|Teachers who plan amazing environments for children are absolutely influencing learning.|
Here's the thing:
I adore Teacher Tom.
I admit it. His photo on his blog with his fabulous red cape make me think that he wears it everyday. He IS a sort of Super Hero for early learning educators - at least via the blogosphere. Tom is a rebel in the field of early childhood, an inspiration to help us think about This Rule and That Policy, and a never-to-be-questioned supporter of children being allowed to BE children.
One of my favorite posts of Tom's is when he wrote about 2-year-olds using hammers:
However, in Tom's post today, I don't know that I agree with his theory that a play-based teacher steps back and lets children "learn on their own." Here's the full read of Tom's 'Teaching a Play Based Curriculum' [Tom's posting was in response to Emily at The Natural Playground who posted 'Is Free Play Teaching?']
Tom offers that he and his Co-op parents prepare the environment - "Every day, I strive to make sure we have some way for kids to build stuff. Usually that means some sort of blocks. I also want there to be a sensory exploration going on, an art project, a couple fine motor activities, something over which to puzzle, and at least a few conversation starters. I try to make sure there's a place to learn with one's whole body, a way to get messy..."
This sure sounds like he and his parent group have intentionally planned for what they deem as important for young children to experience on a particular day or over a period of days.
This sure sounds like Tom & Parents have thoughtfully supplied - or taken away - materials and explorations that would provoke open-ended or creative interest and inquiry.
Tom writes that in his daily work with children, he thinks of himself as "an artist...a shopkeeper...a mad scientist...a game master...an interior decorator."
This sure sounds like he is intentional in what he is doing, preparing, and availing for children.
The role of the teacher is so very significant. I believe that this sort of Intentionality is one of the richest, most respectful gifts to offer to children in their play spaces. Teachers have afforded the environment and materials truly a central role (that 3rd teacher in Reggio doctrine) and in turn allow the day to mysteriously unfold with children engaged by choice and self direction.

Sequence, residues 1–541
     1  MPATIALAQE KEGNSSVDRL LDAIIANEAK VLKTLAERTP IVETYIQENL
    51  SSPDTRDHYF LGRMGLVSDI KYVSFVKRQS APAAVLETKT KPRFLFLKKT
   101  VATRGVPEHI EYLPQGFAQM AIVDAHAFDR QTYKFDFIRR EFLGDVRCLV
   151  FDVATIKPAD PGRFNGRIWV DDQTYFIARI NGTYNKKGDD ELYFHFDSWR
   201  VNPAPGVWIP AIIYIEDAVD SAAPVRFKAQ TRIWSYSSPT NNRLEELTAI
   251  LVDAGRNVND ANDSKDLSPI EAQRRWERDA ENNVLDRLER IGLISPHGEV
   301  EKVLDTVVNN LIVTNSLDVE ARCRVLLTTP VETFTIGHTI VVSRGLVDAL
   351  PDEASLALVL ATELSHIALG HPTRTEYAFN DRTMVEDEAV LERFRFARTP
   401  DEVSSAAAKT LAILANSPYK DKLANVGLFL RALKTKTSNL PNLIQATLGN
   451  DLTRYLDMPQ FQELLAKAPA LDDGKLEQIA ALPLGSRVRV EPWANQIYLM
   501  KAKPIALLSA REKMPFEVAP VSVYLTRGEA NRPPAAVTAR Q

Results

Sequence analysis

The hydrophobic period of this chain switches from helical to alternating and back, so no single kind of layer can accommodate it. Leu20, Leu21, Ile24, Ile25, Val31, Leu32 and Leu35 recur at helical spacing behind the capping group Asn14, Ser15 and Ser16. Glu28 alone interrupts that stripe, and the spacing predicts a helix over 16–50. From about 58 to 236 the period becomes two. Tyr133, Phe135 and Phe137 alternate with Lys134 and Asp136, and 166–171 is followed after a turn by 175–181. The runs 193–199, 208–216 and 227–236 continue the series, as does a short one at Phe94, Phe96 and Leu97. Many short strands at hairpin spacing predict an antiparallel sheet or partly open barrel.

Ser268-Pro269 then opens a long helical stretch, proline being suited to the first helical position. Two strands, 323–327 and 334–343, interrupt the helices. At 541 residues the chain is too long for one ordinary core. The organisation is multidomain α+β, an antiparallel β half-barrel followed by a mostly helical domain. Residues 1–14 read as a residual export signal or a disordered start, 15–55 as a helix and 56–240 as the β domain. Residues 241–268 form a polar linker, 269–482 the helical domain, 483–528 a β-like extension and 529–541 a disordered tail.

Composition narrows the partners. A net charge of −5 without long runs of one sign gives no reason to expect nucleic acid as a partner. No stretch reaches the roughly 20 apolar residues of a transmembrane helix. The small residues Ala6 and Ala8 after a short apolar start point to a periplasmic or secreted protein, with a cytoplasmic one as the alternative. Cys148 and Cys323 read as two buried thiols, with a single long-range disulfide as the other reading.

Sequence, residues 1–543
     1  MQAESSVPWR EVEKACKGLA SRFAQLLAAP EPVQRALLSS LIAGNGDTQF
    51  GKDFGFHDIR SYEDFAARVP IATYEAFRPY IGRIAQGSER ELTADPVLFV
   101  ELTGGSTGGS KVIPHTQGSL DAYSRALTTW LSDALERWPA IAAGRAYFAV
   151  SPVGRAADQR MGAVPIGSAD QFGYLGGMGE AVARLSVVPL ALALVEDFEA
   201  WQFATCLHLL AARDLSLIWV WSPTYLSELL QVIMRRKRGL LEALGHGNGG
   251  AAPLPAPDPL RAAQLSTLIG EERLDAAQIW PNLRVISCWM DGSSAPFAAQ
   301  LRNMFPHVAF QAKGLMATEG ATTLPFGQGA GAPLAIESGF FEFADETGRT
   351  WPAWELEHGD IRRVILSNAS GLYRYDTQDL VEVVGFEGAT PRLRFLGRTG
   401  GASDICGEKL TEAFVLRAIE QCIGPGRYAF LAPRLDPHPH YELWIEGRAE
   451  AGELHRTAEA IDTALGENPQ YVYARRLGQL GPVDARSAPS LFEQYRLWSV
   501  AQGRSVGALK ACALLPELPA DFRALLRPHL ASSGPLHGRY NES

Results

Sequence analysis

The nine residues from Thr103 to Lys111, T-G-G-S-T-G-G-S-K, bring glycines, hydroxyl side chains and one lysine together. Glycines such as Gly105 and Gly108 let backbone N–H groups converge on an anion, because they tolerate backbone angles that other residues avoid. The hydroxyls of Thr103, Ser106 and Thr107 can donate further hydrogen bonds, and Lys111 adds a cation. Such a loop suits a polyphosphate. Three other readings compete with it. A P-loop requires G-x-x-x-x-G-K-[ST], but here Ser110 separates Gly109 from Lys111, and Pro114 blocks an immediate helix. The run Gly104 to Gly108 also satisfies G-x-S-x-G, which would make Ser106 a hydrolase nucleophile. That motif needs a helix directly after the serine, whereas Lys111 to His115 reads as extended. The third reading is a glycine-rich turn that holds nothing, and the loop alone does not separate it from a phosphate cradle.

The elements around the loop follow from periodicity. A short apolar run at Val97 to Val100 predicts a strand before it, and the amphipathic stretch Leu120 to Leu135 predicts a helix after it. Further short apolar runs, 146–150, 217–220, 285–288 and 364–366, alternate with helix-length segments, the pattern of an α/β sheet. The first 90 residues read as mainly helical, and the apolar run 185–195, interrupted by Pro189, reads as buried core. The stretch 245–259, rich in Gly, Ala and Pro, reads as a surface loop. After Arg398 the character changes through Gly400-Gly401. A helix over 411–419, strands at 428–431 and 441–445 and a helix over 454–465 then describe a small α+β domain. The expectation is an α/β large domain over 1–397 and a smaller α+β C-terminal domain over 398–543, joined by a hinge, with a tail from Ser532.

My point to challenge what Teacher Tom was writing is that when the environment and materials are so thoughtfully offered as they have done, that learning - in essence - IS planned.
What I mean by that specifically is that YOU KNOW that amazing engagement, curiosity, and invention will happen:
YOU KNOW that children will explore color at that art project, or explore speed and distance at that ramps with balls area, or use descriptive language like Squishy or Gloppy or Super Cold at that sensory table filled with glue, cornstarch + water.
So, sure, the exact learning is not planned as teachers look forward to children using materials in unexpected ways. Maybe children want to use pinecones or branches to paint with at that art project, or use aluminum foil hand-made balls at that ramp area, or add mud to the sensory table. Maybe.
Sure, I get what Teacher Tom was saying. The exact learning is not planned. The exact math concept of one-to-one correspondence is not taught, the exact science concept of examining the properties of liquids is not taught, the exact small motor concept of writing the letter A is not taught. However...
In the most wondrous play-based schools like Teacher Tom's - learning is no accident.